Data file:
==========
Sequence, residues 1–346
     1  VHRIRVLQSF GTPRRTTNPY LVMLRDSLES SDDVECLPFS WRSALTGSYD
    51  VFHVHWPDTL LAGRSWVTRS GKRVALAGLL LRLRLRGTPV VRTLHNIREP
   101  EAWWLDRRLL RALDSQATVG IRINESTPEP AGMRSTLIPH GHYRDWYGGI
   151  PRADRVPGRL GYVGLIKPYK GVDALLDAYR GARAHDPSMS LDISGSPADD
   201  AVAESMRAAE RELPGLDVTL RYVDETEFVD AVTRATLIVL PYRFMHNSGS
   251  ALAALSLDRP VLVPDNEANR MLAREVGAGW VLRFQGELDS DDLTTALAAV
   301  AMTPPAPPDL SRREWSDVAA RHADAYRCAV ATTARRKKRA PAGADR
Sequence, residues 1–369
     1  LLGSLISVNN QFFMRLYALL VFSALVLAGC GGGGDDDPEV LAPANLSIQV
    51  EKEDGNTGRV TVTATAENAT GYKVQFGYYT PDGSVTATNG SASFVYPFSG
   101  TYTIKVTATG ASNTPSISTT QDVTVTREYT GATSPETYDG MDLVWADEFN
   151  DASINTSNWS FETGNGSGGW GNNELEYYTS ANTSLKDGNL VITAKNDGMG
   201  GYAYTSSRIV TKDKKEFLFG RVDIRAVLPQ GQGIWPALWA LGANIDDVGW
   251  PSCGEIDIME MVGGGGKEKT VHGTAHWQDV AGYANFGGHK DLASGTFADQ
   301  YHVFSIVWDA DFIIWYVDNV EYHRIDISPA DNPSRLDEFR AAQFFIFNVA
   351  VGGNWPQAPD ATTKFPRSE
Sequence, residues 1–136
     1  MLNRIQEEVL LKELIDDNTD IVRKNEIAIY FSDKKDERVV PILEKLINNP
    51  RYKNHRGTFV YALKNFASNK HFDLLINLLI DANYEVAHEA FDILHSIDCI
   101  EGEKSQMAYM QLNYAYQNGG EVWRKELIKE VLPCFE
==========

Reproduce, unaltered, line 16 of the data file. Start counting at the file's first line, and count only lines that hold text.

   301  YHVFSIVWDA DFIIWYVDNV EYHRIDISPA DNPSRLDEFR AAQFFIFNVA